If you are familiar with the controversial self-immolation photo of the burning Thich Quang Duc, you are familiar with the Pulitzer prize-winning photographer Malcome Browne’s talented work.
New York native Malcome Browne attended the quaker school of Friends Seminary during his youth, and then attended Swarthmore College in Pennsylvania, earning a degree in Chemistry.
After college, Browne was drafted for the Korean War. During his service, Browne was assigned to the pacific edition of the Stars and Stripes newspaper, and worked as a journalist for the newspaper for two years. After his assignment at the newspaper, Browne joined the Associated Press, and later was assigned to the Indochina division as a chief correspondent. During his tenure at the Associated Press, Browne received a Pulitzer-prize for his journalism skills, and then left the Associated Press in 1965.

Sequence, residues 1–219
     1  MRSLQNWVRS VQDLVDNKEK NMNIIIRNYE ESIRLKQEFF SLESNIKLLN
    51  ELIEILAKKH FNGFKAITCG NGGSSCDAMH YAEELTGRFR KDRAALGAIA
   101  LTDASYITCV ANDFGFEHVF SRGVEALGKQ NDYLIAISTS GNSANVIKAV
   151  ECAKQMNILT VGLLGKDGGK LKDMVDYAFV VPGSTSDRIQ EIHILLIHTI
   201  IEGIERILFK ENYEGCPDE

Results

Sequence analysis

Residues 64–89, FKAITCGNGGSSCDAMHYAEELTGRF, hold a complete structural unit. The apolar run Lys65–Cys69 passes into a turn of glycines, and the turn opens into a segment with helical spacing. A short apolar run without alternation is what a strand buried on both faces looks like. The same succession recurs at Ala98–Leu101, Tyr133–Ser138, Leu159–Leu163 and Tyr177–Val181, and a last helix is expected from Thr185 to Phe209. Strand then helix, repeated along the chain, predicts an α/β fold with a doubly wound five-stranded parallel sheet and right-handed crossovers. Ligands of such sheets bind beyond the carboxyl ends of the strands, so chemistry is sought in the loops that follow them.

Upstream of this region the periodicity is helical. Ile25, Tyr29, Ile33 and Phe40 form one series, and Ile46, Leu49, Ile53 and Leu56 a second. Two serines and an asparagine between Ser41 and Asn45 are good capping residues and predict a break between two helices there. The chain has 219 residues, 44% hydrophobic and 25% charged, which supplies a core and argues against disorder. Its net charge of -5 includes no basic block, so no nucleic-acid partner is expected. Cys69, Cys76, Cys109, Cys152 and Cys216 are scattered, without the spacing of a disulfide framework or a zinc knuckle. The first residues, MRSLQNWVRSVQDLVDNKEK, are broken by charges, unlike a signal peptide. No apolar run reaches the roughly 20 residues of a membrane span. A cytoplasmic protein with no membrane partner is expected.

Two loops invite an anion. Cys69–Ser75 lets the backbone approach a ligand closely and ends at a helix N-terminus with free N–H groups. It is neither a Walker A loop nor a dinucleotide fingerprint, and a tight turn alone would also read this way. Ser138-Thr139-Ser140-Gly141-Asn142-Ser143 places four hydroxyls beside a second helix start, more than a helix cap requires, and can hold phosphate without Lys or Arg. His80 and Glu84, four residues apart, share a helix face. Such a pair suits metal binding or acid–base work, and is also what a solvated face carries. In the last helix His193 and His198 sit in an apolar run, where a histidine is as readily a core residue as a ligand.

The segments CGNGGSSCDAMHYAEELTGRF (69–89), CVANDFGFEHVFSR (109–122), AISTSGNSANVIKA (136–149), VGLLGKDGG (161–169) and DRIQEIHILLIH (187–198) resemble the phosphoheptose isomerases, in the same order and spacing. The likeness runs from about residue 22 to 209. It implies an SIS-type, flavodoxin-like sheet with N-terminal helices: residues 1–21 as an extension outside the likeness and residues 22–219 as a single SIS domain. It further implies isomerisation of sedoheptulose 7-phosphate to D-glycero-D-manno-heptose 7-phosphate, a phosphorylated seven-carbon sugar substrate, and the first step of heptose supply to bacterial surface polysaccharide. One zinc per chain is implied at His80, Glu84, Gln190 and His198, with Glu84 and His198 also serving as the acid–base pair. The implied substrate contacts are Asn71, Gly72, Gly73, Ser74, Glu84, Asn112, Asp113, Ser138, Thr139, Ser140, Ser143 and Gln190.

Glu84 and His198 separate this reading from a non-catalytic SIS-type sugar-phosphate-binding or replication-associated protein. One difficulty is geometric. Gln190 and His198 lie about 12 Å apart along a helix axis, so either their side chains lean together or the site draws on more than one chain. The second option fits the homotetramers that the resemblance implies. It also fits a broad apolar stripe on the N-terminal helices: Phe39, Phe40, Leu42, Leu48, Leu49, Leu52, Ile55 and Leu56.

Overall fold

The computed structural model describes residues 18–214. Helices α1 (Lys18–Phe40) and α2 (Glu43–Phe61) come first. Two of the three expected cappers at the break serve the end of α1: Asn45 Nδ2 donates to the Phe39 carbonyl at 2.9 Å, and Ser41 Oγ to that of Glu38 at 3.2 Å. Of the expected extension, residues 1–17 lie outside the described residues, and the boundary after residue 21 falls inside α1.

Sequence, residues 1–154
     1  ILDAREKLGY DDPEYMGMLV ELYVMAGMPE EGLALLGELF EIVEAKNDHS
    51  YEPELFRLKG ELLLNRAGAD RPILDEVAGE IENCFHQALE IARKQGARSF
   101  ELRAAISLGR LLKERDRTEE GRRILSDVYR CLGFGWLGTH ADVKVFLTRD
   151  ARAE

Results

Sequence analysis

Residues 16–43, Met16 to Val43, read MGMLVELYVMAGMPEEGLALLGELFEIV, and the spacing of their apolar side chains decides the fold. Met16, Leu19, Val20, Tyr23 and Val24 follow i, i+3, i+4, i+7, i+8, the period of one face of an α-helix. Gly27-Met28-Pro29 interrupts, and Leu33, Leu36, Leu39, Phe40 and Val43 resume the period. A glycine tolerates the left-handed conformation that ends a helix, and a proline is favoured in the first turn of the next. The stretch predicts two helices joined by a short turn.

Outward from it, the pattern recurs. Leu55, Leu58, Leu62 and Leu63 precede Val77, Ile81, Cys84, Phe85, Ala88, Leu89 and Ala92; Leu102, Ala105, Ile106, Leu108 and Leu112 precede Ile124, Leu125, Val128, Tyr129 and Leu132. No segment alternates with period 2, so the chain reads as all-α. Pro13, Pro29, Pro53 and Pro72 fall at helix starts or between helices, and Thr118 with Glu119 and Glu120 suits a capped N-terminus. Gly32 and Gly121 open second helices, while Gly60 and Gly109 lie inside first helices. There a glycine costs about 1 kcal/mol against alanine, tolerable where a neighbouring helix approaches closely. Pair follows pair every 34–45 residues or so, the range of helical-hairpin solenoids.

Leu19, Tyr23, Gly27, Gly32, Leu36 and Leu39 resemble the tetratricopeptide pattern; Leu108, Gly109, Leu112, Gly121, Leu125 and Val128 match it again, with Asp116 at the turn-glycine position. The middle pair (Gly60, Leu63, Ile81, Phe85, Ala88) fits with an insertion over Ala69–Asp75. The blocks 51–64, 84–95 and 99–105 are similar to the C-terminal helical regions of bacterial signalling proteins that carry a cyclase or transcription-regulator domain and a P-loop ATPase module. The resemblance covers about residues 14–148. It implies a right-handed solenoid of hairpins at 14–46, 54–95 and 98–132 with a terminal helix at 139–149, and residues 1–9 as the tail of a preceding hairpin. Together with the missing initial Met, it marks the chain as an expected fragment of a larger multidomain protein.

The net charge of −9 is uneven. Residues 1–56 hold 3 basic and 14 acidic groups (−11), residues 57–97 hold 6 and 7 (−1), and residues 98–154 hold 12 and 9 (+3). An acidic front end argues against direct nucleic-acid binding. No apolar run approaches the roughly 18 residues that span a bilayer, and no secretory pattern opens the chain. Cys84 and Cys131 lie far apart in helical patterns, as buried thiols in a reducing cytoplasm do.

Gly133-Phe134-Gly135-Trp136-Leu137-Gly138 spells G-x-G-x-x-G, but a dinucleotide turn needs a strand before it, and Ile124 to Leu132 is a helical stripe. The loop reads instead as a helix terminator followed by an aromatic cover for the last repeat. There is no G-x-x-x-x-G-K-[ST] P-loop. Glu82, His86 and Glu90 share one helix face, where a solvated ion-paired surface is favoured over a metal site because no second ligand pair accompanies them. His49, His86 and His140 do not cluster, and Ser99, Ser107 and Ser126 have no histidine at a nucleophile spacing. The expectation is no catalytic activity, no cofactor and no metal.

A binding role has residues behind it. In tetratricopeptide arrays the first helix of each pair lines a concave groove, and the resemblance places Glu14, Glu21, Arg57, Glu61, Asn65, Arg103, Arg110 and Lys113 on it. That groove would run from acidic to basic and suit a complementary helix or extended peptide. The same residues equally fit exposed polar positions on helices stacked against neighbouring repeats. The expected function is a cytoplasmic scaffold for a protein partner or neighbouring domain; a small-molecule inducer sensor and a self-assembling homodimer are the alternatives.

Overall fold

In 1968, Browne joined the New York Times and later became their correspondent for South America. During his time at the New York Times, Browne also covered the Persian Gulf War in 1991.
On Monday, August 27th, 2012, Malcome Browne passed away due to complications with Parkinson’s Disease at the age of 81.